Rebecca (Who Slammed Doors And Perished Miserably)

17 04 2010

Big Book of Verse for Aussie Kids coverBecause of National Poetry Month, I was blogging over at Soup Blog about Big Book of Verse for Aussie Kids (edited by Jim Haynes). It has over 600 poems to share with kids, and includes many of my favourite poets, like Alfred Noyes, TS Eliot, Robert Louis Stevenson and Hilaire Belloc. Haynes has some of his own poems in there too, and they are excellent (and some are very funny).

So, I came across this poem on page 334 of Big Book of Verse, and thought I’d share it here. (Note to self: Do not slam doors. Ever.)

Rebecca (Who Slammed Doors And Perished Miserably) by Hilaire Belloc

A trick that everyone abhors
In little girls is slamming doors.
A wealthy banker’s little daughter
Who lived in Palace Green, Bayswater
(By name Rebecca Offendort),
Was given to this furious sport.

She would deliberately go
And slam the door like billy-o!
To make her Uncle Jacob start.
She was not really bad at heart,
But only rather rude and wild;
She was an aggravating child…

It happened that a marble bust
Of Abraham was standing just
Above the door this little lamb
Had carefully prepared to slam,
And down it came! It knocked her flat!
It laid her out! She looked like that.

Her funeral sermon (which was long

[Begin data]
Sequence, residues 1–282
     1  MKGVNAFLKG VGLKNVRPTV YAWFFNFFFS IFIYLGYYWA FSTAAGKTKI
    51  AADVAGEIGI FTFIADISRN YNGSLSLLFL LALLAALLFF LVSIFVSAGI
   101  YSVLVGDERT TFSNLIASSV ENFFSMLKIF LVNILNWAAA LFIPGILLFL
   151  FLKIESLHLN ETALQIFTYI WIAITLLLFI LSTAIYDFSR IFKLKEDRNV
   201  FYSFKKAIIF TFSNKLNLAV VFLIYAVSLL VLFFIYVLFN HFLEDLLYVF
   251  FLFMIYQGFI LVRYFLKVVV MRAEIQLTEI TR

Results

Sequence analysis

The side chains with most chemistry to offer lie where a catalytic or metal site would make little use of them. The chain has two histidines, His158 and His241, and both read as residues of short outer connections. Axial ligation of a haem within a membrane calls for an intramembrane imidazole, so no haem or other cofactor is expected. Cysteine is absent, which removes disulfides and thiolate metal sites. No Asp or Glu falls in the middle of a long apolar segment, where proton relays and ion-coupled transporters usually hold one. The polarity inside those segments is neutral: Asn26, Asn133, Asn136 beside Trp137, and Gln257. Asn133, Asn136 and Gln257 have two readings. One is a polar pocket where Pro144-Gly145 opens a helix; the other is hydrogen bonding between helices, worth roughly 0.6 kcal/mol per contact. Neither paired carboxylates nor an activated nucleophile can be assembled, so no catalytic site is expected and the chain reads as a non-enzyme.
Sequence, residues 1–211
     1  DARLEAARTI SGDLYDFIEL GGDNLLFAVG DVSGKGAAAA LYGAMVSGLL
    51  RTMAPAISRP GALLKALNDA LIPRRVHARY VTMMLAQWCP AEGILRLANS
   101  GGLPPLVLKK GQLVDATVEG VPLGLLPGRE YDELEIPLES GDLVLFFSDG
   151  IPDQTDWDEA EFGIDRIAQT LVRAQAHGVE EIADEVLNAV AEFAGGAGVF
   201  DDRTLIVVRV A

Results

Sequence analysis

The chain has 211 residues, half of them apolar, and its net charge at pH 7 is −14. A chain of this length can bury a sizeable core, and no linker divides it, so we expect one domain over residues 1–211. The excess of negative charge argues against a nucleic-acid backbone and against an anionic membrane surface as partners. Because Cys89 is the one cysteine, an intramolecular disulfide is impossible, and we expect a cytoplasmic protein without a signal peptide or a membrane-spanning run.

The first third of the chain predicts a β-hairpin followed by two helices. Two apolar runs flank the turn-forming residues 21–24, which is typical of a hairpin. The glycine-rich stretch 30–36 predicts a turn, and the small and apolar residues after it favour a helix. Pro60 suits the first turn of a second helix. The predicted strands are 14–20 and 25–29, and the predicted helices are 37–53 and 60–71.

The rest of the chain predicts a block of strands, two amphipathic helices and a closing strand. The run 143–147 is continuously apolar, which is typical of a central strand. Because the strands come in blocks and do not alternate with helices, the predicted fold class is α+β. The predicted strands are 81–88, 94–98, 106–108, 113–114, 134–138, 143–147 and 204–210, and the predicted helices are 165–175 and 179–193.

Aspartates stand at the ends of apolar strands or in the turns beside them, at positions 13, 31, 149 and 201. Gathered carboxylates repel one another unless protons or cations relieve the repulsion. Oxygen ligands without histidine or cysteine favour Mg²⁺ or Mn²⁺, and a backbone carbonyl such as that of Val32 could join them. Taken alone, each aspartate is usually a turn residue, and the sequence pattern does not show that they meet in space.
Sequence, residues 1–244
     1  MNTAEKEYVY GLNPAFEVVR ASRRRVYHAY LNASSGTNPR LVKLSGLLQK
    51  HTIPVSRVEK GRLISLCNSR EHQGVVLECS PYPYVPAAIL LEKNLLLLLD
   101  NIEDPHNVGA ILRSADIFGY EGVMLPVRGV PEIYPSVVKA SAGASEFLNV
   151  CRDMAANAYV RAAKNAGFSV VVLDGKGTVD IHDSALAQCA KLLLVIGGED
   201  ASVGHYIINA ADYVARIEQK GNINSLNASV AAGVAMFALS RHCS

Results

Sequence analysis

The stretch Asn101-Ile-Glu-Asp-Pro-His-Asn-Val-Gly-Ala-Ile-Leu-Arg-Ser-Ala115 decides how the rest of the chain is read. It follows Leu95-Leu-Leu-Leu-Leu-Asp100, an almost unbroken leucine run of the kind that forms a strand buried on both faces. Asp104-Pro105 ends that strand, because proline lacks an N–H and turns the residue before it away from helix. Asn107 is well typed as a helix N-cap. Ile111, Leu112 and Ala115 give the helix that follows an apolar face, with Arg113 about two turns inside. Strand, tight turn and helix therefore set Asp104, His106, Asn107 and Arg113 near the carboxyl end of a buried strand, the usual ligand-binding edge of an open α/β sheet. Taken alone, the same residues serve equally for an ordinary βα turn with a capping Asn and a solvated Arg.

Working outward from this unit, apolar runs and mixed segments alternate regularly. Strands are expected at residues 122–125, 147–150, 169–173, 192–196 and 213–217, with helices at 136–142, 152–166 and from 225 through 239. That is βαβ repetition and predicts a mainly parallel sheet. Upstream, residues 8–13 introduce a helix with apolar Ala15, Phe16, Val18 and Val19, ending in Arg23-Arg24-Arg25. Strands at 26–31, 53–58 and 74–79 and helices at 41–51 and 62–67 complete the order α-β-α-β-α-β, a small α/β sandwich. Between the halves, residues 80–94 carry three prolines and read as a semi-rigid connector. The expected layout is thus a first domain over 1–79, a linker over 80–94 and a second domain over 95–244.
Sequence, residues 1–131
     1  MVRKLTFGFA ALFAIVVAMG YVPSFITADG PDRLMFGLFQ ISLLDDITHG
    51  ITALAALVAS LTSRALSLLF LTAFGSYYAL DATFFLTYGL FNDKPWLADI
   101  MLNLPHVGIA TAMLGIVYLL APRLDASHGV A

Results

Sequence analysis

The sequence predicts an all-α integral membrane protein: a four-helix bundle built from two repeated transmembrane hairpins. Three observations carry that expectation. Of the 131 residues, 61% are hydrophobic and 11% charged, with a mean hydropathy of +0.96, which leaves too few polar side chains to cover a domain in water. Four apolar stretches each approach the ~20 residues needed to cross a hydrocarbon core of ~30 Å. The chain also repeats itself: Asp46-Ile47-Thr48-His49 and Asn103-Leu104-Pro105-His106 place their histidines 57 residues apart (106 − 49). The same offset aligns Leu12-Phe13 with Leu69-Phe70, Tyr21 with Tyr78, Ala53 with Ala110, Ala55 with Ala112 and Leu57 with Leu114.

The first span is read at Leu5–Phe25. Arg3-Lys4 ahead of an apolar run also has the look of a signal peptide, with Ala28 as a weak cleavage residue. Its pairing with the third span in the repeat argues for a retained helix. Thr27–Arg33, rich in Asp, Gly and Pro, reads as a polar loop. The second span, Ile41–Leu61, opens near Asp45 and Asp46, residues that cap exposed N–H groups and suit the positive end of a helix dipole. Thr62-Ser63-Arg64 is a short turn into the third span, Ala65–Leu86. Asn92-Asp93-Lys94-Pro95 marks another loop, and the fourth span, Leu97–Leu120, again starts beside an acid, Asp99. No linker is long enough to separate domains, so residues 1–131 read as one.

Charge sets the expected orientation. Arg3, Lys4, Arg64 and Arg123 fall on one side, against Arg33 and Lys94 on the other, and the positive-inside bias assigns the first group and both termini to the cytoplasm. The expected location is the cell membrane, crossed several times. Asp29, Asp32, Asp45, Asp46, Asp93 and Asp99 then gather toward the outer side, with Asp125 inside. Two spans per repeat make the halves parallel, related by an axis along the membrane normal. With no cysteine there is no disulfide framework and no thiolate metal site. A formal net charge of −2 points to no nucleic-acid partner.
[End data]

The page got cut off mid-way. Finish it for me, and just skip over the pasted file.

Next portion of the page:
And followed by a sacred song)
Mentioned her virtues, it is true,
But dwelt upon her vices too,
And showed the deadful end of one
Who goes and slams the door for fun.

The children who were brought to hear
The awful tale from far and near
Were much impressed, and inly swore
They never more would slam the door,
— As often they had done before.

A review copy of Big  Book of Aussie Verse was sent to me by Allen & Unwin.
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5 responses

17 04 2010
Julie

I love that! Thanks for sharing. I just read it to my kids and they loved it. It reminds of me Shel Silverstein. We’ve been reading lots of poetry this month too. This is one my kids enjoy from Alphabestiary, Animal Poems from A to Z, compiled by Jane Yolen. The author is Anonymous.

There was a young lady of Niger
Who smiled as she rode on a tiger.
They returned from the ride
With the lady inside–
And the smile on the face of the tiger.

18 04 2010
boobook

Hi Julie,
We love that limerick, too! My 6yo is currently obsessed with limericks, so we’ve been reading heaps of them.

Here’s another that makes us laugh, from Best Book of Verse(it’s anonymous):
This gramophone needle won’t move;
It appears to be stuck in a groove,
In a groove … in a groove …
In a groove … in a groove …
In a groove … in a groove … in a groove …

I admit I did have to explain what a gramophone was, and why it was so funny. The kids were a bit mystified till then … now they quote it and roll around on the floor laughing, thinking they are oh-so-clever. 🙂

18 04 2010
Katrina Germein

Thanks for the introduction to a new poem Rebecca. I think my favourite Hilaire Belloc poem remains ‘Tarantella’. It’s such a great poem to read out loud. I love it. http://www.poemhunter.com/poem/tarantella/

18 04 2010
boobook

Oh I do love Tarantella.
When I was about 10, our teacher at school had us learn ‘Jim, Who Ran Away From HIs Nurse And Was Eaten By A Lion’, to recite at a festival. We thought it was WONDERFUL. I used to mutter to myself ‘and on this inauspicious day, he slipped his hand and RAN away’. That little collection of his is all rather gruesome. I think that’s why we liked it so much!

18 04 2010
boobook

PS it makes me think of Roald Dahl’s revolting rhymes, too. (Other rhymes that we thought were wonderful!)

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